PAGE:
By M. Dennis Taylor
Palm Beach, the largest county east of the Mississippi River, produces 16.8 million pounds of garbage every day — 12 pounds for each of the 1.4 million residents, a $187 million annual expense. Recycling cuts down that amount by about half.
For years, the number one recycled product was newspapers. Today, consumer habits have changed. As consumption of printed newspapers has fallen, the most recycled material is now cardboard, which is growing.
“It’s called the Amazon Effect,” said Aurora Ortiz, an education specialist with the Solid Waste Authority of Palm Beach County, when she spoke at the Wellington branch library on Wednesday, March 21.
The purpose of the presentation was to talk trash. Ortiz said that the amount of trash generated by the county would fill a football stadium 11 feet high every day. The SWA, an independent government agency created by the Florida Legislature in 1975, collects that trash, recycling what it can and burning 90 percent of the remainder to create electricity.
The other 10 percent is made up of items that can’t be burned, either because they are too big or are inflammable, like old campers and cement blocks. “The program has extended the life of the landfill by 20 years,” Ortiz said.
The SWA generates enough electricity in its two Renewal Energy Facilities — the first beginning operation in 1989, the second went online in 2015 — to power some 75,000 homes. It earns the SWA about $75 million per year, in addition to supplying much of the electricity for its own operations.
This money goes to offset the costs of trash removal and disposal. “Whether you throw it away, recycle it away or flush it away, we put your waste to work,” Ortiz said.
Trash is burned to generate steam that turns turbines that generates the electricity that is sold to FPL. The water to produce the steam begins as rainwater runoff and is reclaimed, cooled and reused.
Recycled materials are sorted and packaged for sale to manufacturers who use them as raw materials for new products.
Ortiz explained that the two-bin procedure used by the SWA, followed by optical sorters to separate plastics with lasers, produces the highest quality selling materials. In fact, many communities, such as nearby Lake Worth, that had adopted a single bin, unsorted method, are reverting back to two bins due to the increased value of the recycling yields.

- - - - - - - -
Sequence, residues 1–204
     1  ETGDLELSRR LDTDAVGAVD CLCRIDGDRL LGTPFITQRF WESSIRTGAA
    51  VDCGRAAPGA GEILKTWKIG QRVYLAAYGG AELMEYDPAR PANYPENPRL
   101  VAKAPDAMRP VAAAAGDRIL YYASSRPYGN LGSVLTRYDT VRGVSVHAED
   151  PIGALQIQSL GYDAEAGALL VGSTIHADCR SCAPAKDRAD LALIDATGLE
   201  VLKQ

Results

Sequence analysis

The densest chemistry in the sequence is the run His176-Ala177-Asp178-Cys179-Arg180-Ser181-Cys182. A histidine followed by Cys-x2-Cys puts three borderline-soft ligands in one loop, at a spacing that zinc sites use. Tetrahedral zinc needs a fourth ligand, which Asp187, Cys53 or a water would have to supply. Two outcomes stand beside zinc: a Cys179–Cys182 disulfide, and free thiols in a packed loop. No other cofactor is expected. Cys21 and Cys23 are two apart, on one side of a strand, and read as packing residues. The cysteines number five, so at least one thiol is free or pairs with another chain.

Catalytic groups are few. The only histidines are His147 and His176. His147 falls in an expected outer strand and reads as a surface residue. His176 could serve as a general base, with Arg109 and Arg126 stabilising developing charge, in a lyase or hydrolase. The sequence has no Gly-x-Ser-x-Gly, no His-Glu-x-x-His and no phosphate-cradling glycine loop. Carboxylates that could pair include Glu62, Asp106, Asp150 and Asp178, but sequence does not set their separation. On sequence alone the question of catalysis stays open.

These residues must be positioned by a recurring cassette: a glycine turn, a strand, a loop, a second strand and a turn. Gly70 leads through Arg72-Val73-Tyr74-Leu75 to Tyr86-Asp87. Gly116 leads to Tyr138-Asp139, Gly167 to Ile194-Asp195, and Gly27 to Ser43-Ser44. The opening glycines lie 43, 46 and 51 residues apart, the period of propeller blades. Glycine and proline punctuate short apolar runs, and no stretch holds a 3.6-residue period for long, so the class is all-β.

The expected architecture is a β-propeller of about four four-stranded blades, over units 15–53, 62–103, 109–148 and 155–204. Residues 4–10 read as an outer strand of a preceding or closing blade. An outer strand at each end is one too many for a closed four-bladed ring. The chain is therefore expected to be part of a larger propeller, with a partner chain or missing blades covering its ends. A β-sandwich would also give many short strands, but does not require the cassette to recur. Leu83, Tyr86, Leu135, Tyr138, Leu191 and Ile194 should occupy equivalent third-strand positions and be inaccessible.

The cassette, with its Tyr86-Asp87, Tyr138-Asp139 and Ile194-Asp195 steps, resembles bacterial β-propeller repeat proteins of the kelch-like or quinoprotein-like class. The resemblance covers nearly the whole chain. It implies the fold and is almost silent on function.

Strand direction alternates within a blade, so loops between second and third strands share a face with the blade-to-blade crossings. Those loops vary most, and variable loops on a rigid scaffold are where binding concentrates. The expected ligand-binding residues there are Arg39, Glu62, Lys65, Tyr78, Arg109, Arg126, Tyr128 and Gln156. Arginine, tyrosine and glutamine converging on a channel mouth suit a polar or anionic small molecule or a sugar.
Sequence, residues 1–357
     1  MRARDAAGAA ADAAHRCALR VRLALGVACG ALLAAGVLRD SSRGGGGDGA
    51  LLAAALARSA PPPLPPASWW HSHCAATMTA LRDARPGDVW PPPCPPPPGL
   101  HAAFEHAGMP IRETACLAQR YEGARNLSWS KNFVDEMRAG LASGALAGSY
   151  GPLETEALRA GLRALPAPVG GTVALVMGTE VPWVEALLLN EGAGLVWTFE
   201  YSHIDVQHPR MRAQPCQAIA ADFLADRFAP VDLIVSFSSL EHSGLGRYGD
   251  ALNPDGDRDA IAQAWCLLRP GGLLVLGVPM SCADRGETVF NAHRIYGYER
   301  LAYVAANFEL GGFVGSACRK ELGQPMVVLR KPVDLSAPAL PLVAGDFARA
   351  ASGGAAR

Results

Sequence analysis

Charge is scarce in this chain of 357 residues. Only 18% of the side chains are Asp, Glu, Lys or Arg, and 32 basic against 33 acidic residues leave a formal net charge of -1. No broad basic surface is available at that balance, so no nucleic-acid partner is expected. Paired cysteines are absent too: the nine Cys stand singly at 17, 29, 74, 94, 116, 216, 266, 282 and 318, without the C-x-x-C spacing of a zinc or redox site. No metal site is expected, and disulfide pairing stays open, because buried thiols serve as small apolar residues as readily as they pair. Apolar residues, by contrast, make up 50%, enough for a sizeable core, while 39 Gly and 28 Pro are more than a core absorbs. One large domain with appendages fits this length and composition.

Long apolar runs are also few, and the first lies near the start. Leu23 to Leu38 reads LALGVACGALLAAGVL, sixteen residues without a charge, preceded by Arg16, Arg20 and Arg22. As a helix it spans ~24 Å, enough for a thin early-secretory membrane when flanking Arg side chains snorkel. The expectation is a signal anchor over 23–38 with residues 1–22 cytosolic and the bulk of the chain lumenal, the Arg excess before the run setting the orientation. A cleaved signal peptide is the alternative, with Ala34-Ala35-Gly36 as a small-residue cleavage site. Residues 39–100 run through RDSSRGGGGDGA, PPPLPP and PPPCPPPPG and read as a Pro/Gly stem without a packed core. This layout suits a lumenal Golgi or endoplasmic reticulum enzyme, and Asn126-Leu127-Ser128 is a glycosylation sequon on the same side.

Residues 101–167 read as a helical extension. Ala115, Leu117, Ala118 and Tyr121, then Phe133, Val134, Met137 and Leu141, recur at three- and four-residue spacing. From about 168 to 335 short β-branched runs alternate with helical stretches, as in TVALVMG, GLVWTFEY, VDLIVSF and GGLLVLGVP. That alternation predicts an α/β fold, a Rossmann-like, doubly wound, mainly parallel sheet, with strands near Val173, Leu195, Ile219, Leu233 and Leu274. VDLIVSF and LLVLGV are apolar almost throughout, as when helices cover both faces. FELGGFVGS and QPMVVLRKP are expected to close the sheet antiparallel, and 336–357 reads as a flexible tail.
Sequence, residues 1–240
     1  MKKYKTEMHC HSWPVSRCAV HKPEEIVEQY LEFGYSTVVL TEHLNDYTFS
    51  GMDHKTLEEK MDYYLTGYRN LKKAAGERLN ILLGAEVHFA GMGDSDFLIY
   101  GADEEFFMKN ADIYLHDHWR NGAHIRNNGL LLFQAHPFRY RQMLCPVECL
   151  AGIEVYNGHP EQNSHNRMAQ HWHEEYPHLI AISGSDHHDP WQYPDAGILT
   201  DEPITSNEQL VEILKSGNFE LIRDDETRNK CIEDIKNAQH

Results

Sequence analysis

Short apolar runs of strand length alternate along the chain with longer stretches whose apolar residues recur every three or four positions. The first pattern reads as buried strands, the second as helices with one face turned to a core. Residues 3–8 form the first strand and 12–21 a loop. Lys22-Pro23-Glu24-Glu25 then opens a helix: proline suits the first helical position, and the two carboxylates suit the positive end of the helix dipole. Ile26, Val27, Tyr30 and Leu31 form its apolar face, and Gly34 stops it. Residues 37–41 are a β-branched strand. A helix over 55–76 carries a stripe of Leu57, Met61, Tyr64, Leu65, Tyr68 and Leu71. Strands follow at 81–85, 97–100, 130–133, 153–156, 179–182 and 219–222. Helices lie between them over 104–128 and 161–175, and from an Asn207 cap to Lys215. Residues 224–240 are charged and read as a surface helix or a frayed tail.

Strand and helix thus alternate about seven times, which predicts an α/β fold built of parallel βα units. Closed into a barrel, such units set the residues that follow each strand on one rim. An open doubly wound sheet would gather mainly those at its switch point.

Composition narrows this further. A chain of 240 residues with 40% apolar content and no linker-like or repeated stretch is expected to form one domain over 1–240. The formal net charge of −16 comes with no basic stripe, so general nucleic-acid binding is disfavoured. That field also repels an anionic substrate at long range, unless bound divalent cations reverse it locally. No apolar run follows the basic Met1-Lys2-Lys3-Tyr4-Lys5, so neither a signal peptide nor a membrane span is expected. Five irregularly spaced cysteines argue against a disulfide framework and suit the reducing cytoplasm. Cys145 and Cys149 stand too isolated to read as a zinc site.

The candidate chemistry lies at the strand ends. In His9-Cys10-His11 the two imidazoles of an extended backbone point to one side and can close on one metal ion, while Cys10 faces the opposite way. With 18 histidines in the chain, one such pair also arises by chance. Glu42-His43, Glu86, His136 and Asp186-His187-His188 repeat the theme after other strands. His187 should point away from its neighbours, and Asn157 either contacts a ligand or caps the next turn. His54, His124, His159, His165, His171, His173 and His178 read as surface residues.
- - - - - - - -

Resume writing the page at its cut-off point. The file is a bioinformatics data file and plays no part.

“We have a state-of-the-art quality control system,” said Ortiz, who gives VIP tours to visitors from across the nation and around the world. “The facility emits no waste, the ash goes to the sanitary landfill and we recover metals that — let us say — accidentally made it into the trash instead of being recycled.”
Ortiz noted that participation in the recycling program is voluntary, which is not the case all over the country.
“We are not allowed to say the ‘D’ word anymore,” said Ortiz referring to the antiquated concept of a “dump.”
A sanitary landfill is carefully managed and lined so the fluids associated with it do not leech into the drinking water. A landfill is only allowed to get 160 feet high, then it gets turned over to the county and retired to make a park or a golf course.
Ortiz answered questions that she said would help with “that heated debate in the kitchen over recycling and which bin something goes into.”
“When in doubt, throw it out, for at least it gets burned for energy,” she said.
However, the directions are printed on the side of the bins. Bins, which incidentally, belong to you.
“So, paint your name and address on them to keep your neighbors from acquiring extra, and feel free to put wheels on it, if you’d like,” Ortiz said.
Some pearls of trivia to impress family and friends include the topic of “plastics.” Yes, the plastic your mail or an Amazon product comes in might have a recyclable logo, but that won’t work for the SWA because of the contracts they have for selling it.
“The rule of thumb for plastic [with us] is that if liquid or food came in it — even peanut butter — it’s recyclable with us… And if the cap is plastic, put it back on and throw it in the bin,” said Ortiz who warned not to throw loose caps in. “They just fall through the conveyor belt.”
She warned against plastic bags. “No bags, please. They get caught in the conveyor belt, stop the line and have to be cut out by hand with scissors,” she said.
If it has a metal lid, throw the lid out. The only metal that’s recyclable here is aluminum cans, not foil or trays, and there is no need to wash the bottles. Water is precious; just put them in the blue bin.
Household hazardous waste can be brought to area facilities to dispose of free of charge. This includes paint, propane tanks, used oil, florescent light bulbs and rechargeable batteries.
What about that proverbial pizza box? Ortiz had a ready answer. “If it’s a greasy pizza box, tear off the greasy part and throw the rest in the yellow bin,” she said.
For questions, or to request new bins, call the SWA at (866) NEW-BINS.